Tokyo Tech News
The 4th UK-Japan Engineering Education League (UKJEEL) workshop was held at the Tokyo Tech Ookayama Campus from August 5 to August 8. Approximately sixty faculty members and doctoral students from the UK, Europe, Asia, and the Americas came together to discuss exchange programs, engineering education, and research topics.
The workshop opened with introductory speeches from the workshop co-chairs, Dean Kikuo Kishimoto of Tokyo Tech and Professor Roderick Smith of Imperial College London. Tokyo Tech Professor Jeffrey Cross outlined separate programs for faculty and students.
Each student gave a three-minute shotgun presentation on his or her current research followed by an interactive poster session. Afterwards, students joined in group work addressing pressing issues relating to megacities. This culminated in five oral group presentations dealing with issues that ranged from energy through transport to resilience to climate change, which was attended by all delegates.
From twenty-two student poster presentations, the workshop selected four Best Poster Awards winners: Koichi Takeya of Tokyo Tech, Yuanbo Tang (Tony) of the University of Oxford, Tsuyoshi Nagasawa of Tokyo Tech, and Dittapoom Shinabuth of Tokyo Tech.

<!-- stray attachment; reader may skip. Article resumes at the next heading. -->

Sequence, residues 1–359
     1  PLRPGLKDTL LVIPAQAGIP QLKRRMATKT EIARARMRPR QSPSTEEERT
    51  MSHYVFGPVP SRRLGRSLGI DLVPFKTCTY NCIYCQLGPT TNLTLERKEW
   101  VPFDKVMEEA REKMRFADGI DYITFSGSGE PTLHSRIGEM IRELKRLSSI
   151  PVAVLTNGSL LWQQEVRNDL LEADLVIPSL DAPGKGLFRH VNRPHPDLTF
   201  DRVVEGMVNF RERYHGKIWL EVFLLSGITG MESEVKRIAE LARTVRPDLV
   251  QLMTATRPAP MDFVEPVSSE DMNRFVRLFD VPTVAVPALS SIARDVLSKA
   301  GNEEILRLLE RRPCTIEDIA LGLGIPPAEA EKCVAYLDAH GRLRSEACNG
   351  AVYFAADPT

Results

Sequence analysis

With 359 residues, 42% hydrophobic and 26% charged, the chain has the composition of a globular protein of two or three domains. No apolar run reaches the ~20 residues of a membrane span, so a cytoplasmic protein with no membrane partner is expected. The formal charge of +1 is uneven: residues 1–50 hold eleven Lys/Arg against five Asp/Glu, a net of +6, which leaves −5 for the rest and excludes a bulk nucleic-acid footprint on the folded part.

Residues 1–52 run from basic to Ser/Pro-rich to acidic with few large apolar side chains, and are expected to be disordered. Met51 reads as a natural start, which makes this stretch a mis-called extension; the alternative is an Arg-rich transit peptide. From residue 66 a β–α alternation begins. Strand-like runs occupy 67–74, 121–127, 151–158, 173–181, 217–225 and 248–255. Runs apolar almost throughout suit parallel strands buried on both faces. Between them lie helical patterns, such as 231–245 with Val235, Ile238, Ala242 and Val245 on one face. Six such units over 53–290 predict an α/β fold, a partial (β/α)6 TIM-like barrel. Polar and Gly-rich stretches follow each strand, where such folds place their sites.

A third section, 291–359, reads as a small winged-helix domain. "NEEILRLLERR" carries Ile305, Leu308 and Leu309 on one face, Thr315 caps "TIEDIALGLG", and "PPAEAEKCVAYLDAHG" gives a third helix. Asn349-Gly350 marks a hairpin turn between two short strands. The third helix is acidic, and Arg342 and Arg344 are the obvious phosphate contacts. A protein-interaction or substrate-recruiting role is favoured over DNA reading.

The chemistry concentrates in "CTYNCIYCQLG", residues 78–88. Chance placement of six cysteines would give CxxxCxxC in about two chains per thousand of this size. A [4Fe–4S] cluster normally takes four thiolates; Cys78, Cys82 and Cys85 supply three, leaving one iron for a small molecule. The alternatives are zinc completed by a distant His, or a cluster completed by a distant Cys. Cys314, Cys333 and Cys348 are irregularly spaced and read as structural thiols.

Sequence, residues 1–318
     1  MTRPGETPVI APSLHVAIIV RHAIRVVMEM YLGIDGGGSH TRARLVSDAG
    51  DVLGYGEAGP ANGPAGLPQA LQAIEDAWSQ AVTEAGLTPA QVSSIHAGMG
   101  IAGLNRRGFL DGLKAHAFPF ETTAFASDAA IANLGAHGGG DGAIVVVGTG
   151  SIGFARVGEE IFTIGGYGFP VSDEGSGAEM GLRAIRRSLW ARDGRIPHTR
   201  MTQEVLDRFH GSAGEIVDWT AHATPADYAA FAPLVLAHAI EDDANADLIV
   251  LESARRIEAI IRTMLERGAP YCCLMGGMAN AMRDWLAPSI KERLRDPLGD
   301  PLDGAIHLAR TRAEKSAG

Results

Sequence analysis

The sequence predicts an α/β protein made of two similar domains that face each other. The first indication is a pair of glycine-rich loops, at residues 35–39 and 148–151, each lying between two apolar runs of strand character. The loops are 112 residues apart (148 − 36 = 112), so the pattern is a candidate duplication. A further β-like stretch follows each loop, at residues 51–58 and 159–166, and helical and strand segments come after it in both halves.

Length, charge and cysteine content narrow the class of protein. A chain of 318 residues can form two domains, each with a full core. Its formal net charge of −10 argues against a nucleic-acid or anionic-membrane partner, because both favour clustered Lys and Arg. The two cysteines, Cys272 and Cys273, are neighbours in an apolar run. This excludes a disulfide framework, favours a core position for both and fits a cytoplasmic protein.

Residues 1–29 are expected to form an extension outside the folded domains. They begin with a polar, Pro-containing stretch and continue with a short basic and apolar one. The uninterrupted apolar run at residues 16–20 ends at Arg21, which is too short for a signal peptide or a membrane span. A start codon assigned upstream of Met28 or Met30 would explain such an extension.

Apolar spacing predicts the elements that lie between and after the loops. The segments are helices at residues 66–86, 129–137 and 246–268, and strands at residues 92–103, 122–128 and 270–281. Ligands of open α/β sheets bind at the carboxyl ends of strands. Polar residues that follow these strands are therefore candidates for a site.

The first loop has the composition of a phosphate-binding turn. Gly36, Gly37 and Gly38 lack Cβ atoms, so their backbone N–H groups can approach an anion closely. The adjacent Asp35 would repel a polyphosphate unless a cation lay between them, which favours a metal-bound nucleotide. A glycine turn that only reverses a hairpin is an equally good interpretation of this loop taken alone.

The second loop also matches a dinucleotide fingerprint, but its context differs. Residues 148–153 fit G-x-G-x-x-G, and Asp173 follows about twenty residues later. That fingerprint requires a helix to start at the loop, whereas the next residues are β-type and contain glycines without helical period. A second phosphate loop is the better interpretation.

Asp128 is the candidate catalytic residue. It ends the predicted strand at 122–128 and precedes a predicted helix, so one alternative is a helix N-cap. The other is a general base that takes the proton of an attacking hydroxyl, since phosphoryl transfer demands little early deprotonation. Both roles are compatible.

Meanwhile, faculty held a pair of round-table discussions on University Industrial Collaborations and Faculty/Student Mobilities. Participants addressed a variety of topics related to their own engineering programs and joint research. This faculty development event was organized under the Six Japanese Universities Human Assets Promotion Project for Innovative Education and Research (HAPPIER) headquartered at Tokyo Tech.
At the weekend, UKJEEL participants traveled by bus to tour the Tomioka Silk Mill UNESCO World Heritage Site in Gunma Prefecture, as well as the Ichiban Gai Street in Kawagoe, Saitama Prefecture, an open-air site where traditional Japanese merchant houses are well preserved. Throughout the day, students and faculty from abroad were able to immerse themselves in Japanese culture outside Tokyo and to learn about the history of Japan's modernization and industrialization. Both themes are deeply related to engineering and are foundational to this year's UKJEEL topic of megacities.
On the final day of the workshop, students and faculty met in a joint UKJEEL & Multidisciplinary International Student Workshop (MISW) plenary session. During lunch, faculty held a business meeting to discuss overall UKJEEL activity and offer initial thoughts on next year's conference to be held at the University of Glasgow early in September 2017.